When patient presents with dizziness, the initial step is to differentiate if the symptom is lightheadedness or vertigo. This is essential since the evaluation and treatment differs. Lightheadedness is most likely related to cardiac etiology or blood pressure changes. Vertigo on the other hand is neurologic. If it is lightheadedness, we try to assess for change in heart or blood pressure. Often medications can cause dizziness.
Vertigo is divided into peripheral and central. Peripheral vertigo is caused by a dysfunction in the vestibular system outside the brain (inner ear). There are three tubes in the inner ear containing fluid and hair cells that control balance. Any problem within these tubes such as infection, inflammation or calcium particles causes vertigo. Based on the history and physical examination, we are able to determine the etiology of this type of vertigo. Examples of peripheral vertigo syndromes include, benign positional vertigo, vestibular neuritis and Meniere’s syndrome. Each has specific presentation that differentiates it from the others. Treatment of the peripheral vertigo depends on the etiology. This can include medications to suppress the vertigo and specific exercises (Epley maneuver) that can improve the symptoms.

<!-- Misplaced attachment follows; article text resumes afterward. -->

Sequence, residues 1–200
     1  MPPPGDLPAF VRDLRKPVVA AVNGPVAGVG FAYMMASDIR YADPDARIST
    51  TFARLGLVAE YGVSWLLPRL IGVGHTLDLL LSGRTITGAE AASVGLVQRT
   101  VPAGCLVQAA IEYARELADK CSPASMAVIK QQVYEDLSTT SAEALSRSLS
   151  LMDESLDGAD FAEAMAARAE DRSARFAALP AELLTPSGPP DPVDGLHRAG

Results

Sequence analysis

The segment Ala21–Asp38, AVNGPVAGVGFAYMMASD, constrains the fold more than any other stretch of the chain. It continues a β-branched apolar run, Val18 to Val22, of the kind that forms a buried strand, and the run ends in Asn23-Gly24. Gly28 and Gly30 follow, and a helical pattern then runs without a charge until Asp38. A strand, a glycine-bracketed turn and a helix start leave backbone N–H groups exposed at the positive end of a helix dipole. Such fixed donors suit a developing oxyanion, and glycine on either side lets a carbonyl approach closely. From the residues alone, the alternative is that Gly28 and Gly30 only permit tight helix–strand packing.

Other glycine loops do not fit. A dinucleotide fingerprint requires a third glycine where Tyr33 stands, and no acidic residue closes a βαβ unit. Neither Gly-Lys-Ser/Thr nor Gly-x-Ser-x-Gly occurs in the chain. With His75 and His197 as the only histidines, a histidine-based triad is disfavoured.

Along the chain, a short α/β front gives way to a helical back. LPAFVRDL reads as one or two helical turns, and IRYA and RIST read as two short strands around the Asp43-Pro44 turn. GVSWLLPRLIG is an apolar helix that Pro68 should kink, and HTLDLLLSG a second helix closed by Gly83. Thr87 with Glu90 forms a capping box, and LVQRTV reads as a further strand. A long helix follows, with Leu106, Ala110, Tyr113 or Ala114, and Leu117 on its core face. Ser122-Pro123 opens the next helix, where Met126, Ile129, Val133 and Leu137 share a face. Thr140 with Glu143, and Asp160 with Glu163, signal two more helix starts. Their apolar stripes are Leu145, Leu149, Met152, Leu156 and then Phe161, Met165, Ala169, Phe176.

Central vertigo involves the vestibular system that is within the brain. Causes of central vertigo include stroke, multiple sclerosis, masses or tumors. Typically central vertigo is associated with other symptoms such as unsteadiness or gait disturbances, numbness, tingling sensation, visual changes, and/or weakness. Since the central vertigo is more serious and requires immediate action and treatment the workup for central vertigo must include an MRI and MRA of the brain, possibly carotid ultrasound and the treatment depending on the causes listed above.
In our office, we provide vestibular rehabilitation where there is specific equipment to help desensitize the vestibular system, thus helping in improve symptoms dramatically.